“Enough.” Standing up, signaling for the guards, Uther said, “You will learn obedience. Perhaps a night in the dungeon will remind you of it.”
Merlin expected Arthur to flinch, as he’d done so many times before. But instead, he bowed, then marched head high into the cell, the guards in his wake. Merlin followed, thinking to share Arthur’s sentence, but one of the guards shoved him aside and told him that the king said only Prince Arthur was to be punished.
“Let it go, Merlin. It’s only one night. It’s not like I didn’t expect it.” Arthur settled down, testing the bed for strength, bouncing a little on it, then leaning back against the wall. “He’ll let me out in the morning, then yell some more and we’ll see then.”
Merlin scowled at that. “It’s not right. You saved an entire village. Why can’t he see that?”
Arthur let out a sigh, shaking his head a little as if he couldn’t understand why Merlin was being so thick. Finally, when Merlin just stared at him, confused, Arthur must have realized that Merlin didn’t understand the dynamics of royalty. Why would he after all? Ealdor’s hierarchy was very simple, everyone helped out, everyone reaped the rewards. If one person shirked their duty, it could be devastating for the rest of the village. But it was based on cooperation, not commands.
“Merlin, I’m a threat to him. Yes, I’m his heir, but if people start coming to me instead of him, he’ll lose face. He’ll count that as weakness, and he’ll have to act.” Arthur shrugged as if it were perfectly obvious.
Merlin thought about it a moment, considering all the ramifications, then said, “Was I wrong, then… to push you?”
“No, I needed it. I need to be my own man if I’m ever going to be king. I can’t be a reflection of my father.”
Merlin was thrilled to hear it. Giving Arthur a huge grin, he sat down next to the cell door, and tried to get comfortable. “Then as your own man, I’ll keep you company. So you won’t be alone.”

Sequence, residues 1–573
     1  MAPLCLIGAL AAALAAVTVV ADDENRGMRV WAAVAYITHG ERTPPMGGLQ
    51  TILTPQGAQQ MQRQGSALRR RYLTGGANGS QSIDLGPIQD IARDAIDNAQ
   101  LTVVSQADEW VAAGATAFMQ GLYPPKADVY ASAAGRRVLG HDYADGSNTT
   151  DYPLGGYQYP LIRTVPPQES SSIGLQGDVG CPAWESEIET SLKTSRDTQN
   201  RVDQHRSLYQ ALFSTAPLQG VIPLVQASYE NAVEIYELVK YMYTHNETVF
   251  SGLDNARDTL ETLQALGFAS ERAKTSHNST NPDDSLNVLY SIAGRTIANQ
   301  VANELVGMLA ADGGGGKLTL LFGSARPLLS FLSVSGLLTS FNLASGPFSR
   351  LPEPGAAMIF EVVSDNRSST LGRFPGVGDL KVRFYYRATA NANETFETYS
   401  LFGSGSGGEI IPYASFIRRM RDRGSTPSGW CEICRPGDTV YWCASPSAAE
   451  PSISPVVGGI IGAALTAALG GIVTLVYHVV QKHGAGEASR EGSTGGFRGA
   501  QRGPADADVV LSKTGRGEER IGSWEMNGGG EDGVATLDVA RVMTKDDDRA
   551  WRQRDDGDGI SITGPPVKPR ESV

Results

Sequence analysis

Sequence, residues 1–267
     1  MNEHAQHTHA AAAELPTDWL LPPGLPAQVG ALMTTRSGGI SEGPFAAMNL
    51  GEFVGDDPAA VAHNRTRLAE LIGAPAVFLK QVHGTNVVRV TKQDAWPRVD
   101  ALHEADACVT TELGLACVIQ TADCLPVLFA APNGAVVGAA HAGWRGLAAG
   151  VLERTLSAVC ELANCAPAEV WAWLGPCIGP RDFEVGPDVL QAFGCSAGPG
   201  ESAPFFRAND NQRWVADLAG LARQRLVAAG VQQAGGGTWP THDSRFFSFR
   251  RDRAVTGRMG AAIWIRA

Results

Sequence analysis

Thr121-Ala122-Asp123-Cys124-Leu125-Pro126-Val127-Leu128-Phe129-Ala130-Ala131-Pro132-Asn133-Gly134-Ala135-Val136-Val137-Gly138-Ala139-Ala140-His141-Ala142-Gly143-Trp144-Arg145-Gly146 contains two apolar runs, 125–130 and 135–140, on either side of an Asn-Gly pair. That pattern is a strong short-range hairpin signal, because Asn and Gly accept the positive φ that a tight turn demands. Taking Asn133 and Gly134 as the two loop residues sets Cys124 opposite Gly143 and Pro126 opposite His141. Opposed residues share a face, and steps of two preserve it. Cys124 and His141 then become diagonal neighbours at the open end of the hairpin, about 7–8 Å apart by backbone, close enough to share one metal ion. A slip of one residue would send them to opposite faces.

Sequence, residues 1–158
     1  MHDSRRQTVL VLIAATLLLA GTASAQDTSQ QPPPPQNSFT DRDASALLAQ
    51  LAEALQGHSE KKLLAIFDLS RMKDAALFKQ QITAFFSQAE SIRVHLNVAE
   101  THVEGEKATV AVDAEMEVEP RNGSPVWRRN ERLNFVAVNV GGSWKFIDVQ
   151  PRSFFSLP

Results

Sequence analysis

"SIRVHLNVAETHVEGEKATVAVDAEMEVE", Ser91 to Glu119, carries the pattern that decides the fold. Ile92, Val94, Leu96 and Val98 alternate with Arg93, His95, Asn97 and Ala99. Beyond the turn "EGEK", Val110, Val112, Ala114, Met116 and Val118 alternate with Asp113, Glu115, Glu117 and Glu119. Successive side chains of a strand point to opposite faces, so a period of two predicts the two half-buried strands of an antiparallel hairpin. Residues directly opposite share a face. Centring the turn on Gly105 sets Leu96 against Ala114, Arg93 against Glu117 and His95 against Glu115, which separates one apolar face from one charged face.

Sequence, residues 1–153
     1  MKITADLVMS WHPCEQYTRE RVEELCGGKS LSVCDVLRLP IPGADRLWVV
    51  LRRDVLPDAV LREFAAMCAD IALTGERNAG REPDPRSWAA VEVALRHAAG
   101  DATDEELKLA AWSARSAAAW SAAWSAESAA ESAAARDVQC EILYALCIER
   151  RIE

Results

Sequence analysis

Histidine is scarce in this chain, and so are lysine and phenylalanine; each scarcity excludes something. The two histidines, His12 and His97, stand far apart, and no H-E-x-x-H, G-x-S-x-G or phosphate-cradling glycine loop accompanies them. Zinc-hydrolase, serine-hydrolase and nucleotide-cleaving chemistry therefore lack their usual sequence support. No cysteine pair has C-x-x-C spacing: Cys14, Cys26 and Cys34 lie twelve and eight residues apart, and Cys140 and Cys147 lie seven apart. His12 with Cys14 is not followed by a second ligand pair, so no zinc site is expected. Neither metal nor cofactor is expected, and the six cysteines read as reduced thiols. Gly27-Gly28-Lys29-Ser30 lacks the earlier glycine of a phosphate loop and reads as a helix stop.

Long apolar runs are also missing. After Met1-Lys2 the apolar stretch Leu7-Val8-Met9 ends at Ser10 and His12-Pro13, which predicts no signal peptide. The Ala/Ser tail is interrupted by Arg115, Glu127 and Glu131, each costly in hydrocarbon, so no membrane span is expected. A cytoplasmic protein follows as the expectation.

“You should get some rest. It’s not like I’ve not been here before, you idiot.” But although he gestured Merlin to go, his hands shooing him away, a momentary scowl on his face, when Merlin didn’t leave, Arthur looked pleased.
“All the more reason to stay.” Merlin gave him another grin, then settled back against the stone wall. “Did I ever tell you about the time Will and I accidently let out Old Man Simmon’s prize pig? Watching Hildagard running across the field and Simmon yelling his head off about it was hilarious. Well, until my mum found out. Boy, was she mad. She made me slop his pigs for a week after.”
Arthur rolled his eyes, as if he couldn’t believe he’d be subject to the tales of Merlin’s mischief. “Merlin, how many stories do you have?”
“Loads. Did I tell you about the time we smoked out our hut to kill the spiders in the thatch? It was raining the little buggers for days after.” Merlin gave a little shudder. “I hate spiders. I know they eat bugs and such but really, they’re nasty things. Have you ever looked at one close-up? They’ve got those huge eyes and mandibles and hairy legs and… ugh.”
“Merlin, I’m glad you are here.” Arthur said, his voice fond. It sounded like he really meant it.
It made Merlin feel good inside to hear it. “Me, too.”